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New York Practice
Rutgers University, Newark School of Law
Gugig, Michael S.

I. Overview

The Civil Practice Law and Rules (“CPLR”) governs civil practice in every court in the state of New York.

Some lower level courts have their own Court Acts that prescribes the courts subject matter jurisdiction of each court and regulations that govern practice.

Example: New York City Civil Court (New York City Civil Court Act, governs civil court for New York City); Nassau and Suffolk County District Courts (Uniform District Court Act – these are the only two counties that have district courts); All City Courts (Uniform City Court Act, governing civil practice in all 61 city courts outside New York City); Town and Village Courts (Uniform Justice Court Act, governing civil practice in all of the town and village courts of the state).

CPLR § 101: But the only time the CPLR will not govern is where there is a specific rule in a Court Act that directly conflicts with the CPLR.

CPLR Basics:

CPLR § 103: One Form of Civil Judicial Proceedings

(a) Does away with the distinction between courts of equity and law in NY. There is only one form of civil action. *This is a key difference between NY and NJ, which has a Chancery (equity) and Law Division.
(b) Action vs. Special Proceeding – An Action is what you think of as a lawsuit. A “Special Proceeding” is a subset of actions that short-circuit the litigation process. E.g., no discovery in special proceedings, π (called petitioner) commences the action by briefing an issue (normally pure questions of law) as soon as the petition is filed, Δ (called “respondent”) opposes and the court rules. All Article 78 motions are special proceedings. ** The general rule is that all judicial proceedings shall be prosecuted in the form of an action, except where the law specifically authorizes a special proceeding.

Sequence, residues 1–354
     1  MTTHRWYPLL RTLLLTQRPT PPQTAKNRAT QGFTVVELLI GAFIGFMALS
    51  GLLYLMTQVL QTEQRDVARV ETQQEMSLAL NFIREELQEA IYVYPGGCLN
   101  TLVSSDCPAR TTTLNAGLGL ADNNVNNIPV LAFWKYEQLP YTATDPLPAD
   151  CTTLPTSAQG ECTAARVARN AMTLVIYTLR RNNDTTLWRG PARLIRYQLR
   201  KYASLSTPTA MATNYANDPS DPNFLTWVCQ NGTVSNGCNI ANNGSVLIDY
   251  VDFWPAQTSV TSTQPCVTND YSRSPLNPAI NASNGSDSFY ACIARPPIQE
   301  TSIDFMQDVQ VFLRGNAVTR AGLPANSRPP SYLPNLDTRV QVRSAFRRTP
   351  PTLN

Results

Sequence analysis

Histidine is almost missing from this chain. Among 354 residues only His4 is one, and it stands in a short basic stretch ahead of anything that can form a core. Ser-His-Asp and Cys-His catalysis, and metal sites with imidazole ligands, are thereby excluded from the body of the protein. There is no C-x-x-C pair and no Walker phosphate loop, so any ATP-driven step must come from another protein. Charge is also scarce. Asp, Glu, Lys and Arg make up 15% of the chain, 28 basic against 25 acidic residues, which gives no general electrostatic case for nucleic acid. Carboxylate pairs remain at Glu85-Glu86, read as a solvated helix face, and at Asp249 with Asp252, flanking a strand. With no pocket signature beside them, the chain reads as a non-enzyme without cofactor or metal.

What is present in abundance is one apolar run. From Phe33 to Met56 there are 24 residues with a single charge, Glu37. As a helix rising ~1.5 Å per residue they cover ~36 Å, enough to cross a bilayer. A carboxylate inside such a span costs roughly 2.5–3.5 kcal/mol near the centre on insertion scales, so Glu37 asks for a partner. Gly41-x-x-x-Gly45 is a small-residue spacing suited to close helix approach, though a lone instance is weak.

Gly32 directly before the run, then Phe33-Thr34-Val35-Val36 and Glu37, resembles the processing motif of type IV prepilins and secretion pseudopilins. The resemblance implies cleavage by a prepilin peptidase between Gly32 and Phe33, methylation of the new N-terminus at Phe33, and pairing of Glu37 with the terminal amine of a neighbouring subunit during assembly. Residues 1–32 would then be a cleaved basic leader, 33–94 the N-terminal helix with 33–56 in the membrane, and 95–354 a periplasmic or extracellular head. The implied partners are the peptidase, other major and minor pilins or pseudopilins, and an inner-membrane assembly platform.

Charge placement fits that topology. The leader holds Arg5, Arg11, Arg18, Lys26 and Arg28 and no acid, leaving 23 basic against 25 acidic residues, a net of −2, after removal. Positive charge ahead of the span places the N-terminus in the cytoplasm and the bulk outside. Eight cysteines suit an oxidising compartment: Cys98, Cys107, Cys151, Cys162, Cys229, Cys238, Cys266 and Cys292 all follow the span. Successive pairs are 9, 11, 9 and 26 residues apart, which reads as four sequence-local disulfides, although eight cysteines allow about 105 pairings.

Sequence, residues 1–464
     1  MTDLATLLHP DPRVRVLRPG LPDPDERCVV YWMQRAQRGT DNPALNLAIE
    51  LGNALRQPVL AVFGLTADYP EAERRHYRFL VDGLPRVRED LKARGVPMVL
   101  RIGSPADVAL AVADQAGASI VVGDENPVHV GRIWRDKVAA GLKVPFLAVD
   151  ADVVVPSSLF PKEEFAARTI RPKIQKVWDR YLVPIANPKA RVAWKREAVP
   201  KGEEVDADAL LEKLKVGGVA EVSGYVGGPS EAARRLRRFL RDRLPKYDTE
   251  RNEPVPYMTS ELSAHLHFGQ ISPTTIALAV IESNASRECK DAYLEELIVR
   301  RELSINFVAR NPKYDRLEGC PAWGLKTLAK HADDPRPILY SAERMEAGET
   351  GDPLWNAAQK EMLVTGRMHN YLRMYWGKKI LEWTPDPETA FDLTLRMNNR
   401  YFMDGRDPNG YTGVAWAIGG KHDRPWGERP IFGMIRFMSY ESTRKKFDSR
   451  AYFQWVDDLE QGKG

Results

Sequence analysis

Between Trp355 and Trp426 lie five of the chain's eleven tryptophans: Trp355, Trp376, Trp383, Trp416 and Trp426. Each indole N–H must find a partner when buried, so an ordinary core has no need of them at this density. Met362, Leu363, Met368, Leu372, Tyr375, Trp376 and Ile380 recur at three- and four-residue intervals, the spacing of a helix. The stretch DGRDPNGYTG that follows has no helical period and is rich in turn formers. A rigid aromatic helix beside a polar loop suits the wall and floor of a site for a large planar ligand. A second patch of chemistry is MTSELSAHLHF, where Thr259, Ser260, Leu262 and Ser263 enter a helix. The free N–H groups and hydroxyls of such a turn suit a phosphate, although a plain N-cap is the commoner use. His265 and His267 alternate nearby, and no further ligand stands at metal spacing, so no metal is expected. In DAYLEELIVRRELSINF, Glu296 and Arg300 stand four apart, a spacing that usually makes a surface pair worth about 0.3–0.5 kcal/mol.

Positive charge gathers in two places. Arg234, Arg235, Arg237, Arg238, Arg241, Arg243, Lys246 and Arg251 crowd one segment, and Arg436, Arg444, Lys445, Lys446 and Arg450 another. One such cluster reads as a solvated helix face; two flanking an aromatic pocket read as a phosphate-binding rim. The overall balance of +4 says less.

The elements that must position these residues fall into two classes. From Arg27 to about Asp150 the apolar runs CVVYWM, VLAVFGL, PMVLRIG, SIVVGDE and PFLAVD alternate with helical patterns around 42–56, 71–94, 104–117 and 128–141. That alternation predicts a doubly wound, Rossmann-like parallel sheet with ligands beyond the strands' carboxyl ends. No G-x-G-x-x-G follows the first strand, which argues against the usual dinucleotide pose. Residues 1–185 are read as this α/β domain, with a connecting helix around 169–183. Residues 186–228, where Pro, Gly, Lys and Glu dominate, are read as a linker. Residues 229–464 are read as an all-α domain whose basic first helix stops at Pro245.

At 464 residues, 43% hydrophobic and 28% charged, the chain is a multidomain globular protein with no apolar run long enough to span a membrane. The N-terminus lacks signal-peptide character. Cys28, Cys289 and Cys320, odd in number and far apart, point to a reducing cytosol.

CPLR § 104: Liberal Construction

Requires that the CPLR and its rules be “liberally construed to secure the just, speedy and inexpensive determination of every civil action.”
It’s supposed to mean that the CPLR and the rules therein are not designed to be an end unto themselves, but merely a means of getting to an end. However, if you know procedure better than your opponent, you will win more cases than “justice” would otherwise direct.

CPLR § 2004: Extensions of Time

Where a time limit is placed on a particular act, a court can change the time limit unless a statute says that a court can not, like a prescribed statute of limitation.
Things like filings, etc. can be extended, but the statute of limitations rule says that no court may extend it. The rule says a court may extend time “upon such terms as may be just and upon good cause shown.” If an adversary asks for more time, you should agree b/c you want the favor extended to you too.

II. Subject Matter Jurisdiction
A. Generally

· Subject Matter Jurisdiction (“SMJ”) concerns whether a court is allowed to consider a topic – the outer limits of a court’s authority to hear a particular case or controversy.
· In NY, SMJ is conferred either by (a) statute (Court Acts) or (b) by the state constitution. Parties can not stipulate to expand it. Nor can a court rule expand its own SMJ.
· SMJ can be raised at any time, whether before an initial verdict, or for the first time on appeal.
· SMJ can not be waived.

B. Court Structure and Subject Matter Jurisdiction
i. Generally

· LIKELY EXAM QUESTION (#1):There are two types of courts in New York: (1) limited jurisdiction; and (2) general jurisdiction.
o A court of general jurisdiction can hear any type of case, with very limited exceptions. It has all the subject matter jurisdiction that it is permitted to have. It is pretty close to unlimited. Jurisdiction in these courts is presumed.
§ In NY, the Supreme Court is the only court of general jurisdiction.
o A court of limited jurisdiction is vested w/ less than the full jurisdiction it is permitted to have. The jurisdiction of these courts, if challenged, must be specifically demonstrated (it must be shown that the claim is within the provision conferring jurisdiction).